Tips to Help Teach Gratitude

Learning to be grateful for the things and the people that surround you can impact your life greatly. Simply giving thanks can change your life. It is essential to instill in your children the significance of gratitude and how important it is to continually appreciate everything they have in their lives. Special projects, such as the one's below, can give our kids a time to pause, think about all that they have, and give thanks.

Here are some ideas for making gratitude a regular habit: 

Learn how to use Gratitude Stones to cultivate a sense of gratitude, an important social-emotional skill that can increase happiness and improve health.  
Make Gratitude Stones!

Supplies Needed:

  • stones (washed and dried)
  • tissue paper
  • scissors
  • glossy Mod Podge
  • paintbrushes


  1. Cut out a small tissue paper heart with scissors.
  2. Place the heart on the surface of a clean stone. Using a paintbrush, lightly spread a thin layer of Mod Podge over the tissue paper and top half of the rock. Allow this layer to dry undisturbed.
  3. Flip the rock over and spread Mod Podge over the bottom half. Allow this layer to dry undisturbed.


The gratitude stone is a physical reminder to remember what you're thankful for! There are many ways to use them.

Pass a gratitude stone around the dinner table before eating. When holding the stone, you must share something or someone you feel thankful for.

Thinking and talking about the good things in our life can calm down angry or sad feelings and build resiliency. Teach your child how to hold the stone in their hands and list everything they feel thankful for.

Pass your child the gratitude stone and ask him, “What was the best part of your day?” Reply with your answer when he passes the stone back to you.

Create extra stones and share them with the people you feel thankful for! Include a little note expressing your gratitude.

An attitude of gratitude is contagious! Scatter gratitude stones around your community and neighborhood to spread joy to others. Finding tiny hearts on stones is sure to bring a smile to other people’s faces!


Gratitude Tree Activity- tree with leaves hanging
Make a Gratitude Tree!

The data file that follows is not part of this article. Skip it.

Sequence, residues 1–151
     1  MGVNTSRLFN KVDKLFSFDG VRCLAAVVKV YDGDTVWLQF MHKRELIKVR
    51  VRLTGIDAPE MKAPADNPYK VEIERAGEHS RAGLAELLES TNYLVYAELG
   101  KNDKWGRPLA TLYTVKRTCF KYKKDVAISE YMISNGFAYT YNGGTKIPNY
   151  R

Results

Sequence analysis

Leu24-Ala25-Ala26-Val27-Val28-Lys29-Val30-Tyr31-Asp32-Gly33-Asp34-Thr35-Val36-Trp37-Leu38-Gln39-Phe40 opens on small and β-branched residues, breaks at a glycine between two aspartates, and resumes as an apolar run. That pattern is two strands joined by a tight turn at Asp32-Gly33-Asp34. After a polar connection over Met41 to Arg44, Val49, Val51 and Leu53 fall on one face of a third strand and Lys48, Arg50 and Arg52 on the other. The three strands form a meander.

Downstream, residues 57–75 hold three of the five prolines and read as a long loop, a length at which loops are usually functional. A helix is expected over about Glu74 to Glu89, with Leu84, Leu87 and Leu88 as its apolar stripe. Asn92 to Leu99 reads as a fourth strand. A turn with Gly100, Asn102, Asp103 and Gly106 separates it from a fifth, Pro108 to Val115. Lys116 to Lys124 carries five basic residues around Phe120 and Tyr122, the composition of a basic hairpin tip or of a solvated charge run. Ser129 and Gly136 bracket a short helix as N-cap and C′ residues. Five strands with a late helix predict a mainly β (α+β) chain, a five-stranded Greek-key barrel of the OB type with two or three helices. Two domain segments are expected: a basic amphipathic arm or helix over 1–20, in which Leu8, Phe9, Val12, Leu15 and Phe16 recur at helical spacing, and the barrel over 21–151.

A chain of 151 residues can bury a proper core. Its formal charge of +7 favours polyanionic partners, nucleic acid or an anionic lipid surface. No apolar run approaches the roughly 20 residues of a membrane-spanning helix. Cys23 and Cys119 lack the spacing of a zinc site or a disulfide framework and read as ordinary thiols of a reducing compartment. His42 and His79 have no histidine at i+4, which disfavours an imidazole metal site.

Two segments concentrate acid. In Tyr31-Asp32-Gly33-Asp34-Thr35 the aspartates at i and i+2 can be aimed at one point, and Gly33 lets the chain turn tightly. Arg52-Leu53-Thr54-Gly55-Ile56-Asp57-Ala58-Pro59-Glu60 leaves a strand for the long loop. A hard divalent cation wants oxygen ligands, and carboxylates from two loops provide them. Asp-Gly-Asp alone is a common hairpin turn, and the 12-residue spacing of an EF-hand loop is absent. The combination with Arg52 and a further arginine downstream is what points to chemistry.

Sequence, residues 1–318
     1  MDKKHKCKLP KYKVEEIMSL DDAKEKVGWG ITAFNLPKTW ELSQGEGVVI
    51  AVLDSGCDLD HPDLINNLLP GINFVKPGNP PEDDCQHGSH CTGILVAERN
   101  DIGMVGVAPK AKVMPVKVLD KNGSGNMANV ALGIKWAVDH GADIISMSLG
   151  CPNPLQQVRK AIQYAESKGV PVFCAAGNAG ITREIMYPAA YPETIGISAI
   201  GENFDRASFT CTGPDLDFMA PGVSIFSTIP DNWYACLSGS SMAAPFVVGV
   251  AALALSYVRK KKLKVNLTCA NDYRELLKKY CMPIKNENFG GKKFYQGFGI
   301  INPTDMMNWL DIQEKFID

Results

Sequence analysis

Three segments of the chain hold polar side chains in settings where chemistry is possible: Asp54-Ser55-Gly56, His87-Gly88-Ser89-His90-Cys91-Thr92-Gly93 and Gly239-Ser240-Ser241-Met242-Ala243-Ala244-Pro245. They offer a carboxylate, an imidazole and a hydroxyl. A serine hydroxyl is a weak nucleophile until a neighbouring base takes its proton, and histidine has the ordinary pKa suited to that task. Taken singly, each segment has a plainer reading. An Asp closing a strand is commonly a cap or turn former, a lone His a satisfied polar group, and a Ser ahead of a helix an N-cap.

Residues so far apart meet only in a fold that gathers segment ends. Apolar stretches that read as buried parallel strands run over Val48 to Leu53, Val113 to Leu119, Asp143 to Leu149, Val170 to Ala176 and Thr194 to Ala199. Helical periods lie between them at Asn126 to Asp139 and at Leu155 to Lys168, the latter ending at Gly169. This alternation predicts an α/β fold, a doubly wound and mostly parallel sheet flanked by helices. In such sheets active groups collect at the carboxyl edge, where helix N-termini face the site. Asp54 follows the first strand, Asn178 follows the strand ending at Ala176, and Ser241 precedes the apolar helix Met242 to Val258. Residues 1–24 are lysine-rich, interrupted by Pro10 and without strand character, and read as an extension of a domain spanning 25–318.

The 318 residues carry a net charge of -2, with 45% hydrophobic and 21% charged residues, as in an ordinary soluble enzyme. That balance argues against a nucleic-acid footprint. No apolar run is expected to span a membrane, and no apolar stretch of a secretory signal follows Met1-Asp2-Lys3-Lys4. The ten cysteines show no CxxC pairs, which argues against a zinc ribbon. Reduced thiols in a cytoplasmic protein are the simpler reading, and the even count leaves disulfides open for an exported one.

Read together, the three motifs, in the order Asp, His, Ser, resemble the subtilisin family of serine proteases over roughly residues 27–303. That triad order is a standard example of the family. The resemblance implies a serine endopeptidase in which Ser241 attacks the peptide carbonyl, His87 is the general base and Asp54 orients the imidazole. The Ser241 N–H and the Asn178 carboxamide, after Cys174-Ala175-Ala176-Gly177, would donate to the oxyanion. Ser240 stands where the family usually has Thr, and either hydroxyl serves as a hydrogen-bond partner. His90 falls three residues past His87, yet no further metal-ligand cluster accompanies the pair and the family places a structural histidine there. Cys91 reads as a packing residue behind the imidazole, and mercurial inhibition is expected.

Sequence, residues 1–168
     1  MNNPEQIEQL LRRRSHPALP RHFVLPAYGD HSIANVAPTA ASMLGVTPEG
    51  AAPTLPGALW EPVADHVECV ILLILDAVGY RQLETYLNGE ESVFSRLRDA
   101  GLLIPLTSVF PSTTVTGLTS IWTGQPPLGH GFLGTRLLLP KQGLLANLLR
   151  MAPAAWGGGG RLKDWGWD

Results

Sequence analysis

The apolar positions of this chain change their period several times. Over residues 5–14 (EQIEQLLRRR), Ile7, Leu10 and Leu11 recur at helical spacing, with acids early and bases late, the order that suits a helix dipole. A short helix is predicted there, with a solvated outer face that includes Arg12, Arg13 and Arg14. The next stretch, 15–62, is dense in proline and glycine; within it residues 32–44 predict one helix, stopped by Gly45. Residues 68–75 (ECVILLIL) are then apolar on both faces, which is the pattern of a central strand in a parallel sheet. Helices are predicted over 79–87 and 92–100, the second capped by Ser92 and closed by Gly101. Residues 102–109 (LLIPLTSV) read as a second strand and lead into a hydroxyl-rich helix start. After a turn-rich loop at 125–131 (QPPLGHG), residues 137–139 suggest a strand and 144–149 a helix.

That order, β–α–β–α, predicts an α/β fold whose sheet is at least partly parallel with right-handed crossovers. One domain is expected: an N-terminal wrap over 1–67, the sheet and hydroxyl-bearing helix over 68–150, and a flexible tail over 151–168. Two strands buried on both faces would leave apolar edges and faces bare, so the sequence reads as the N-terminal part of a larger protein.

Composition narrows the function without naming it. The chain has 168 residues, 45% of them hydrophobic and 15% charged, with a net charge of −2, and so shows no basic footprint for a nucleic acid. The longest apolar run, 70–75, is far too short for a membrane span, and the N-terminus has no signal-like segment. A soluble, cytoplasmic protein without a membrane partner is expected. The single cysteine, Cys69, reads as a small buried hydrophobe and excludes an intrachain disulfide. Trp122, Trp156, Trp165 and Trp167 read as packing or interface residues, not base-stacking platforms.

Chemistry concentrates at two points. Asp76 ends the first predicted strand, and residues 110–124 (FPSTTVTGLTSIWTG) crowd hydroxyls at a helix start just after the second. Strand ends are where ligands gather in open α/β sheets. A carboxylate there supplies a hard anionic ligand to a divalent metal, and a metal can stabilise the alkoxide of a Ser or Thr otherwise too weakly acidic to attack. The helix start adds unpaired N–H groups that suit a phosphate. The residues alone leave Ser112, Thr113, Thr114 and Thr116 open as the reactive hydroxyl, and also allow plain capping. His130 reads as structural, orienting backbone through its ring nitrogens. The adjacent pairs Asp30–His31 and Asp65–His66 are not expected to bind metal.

Raising grateful children is harder and harder in today's world. There are so many advertisements directed at our children telling them all the things they need to have that they don't already own. If we aren't careful, we can focus on the things we don't have rather than be grateful for all that we do have. Special projects such as this Gratitude Tree Activity can give our kids a time to pause, think about all that they have that they normally take for granted, and give thanks.

Supplies Needed:

  • tree branches
  • small rocks
  • 1 large wide mouth mason jar
  • green card stock
  • pencil
  • single hole punch
  • twine
  • scissors


1. Pour the rocks into the large mouth mason jar and insert the branches into the jar.
2. Use the scissors to cut the green card stock into leaf shapes.
3. Use the single hole punch to punch a hole in each leaf.
4. Allow the kids to write what they are grateful for on each leaf.




5 Simple Steps to Help Your Child Start a Gratitude Journal *Love this Thanksgiving activity for kids. Great list of book suggestions too!

Use a Gratitude Journal!

  1. Select a well-made journal.
  2. Get your kids a fun writing utensil (i.e. gel pens, markers, etc.)
  3. Read a story about being thankful with your child to help provide them with some inspiration (i.e. Thanks for Thanksgiving by Julie Markes).
  4. Start out small. Have a conversation with your child about things they are thankful for in their lives. Here are a few prompts to help you get started:

    "I’m grateful for…"
    "Thank you for…"
    "I appreciate…"

    Kids might only be able to name one or two things to start with and they might be very materialistic. That's okay! The more they practice, the deeper their thought process will develop.

  5. Schedule a set time to practice giving thanks each day. It can be done right before bed or a discussion at the dinner table. Find a time that works best for your family. When your child is having an “off” day, encourage them to reread some of the entries in their journal. What a quick pick me up!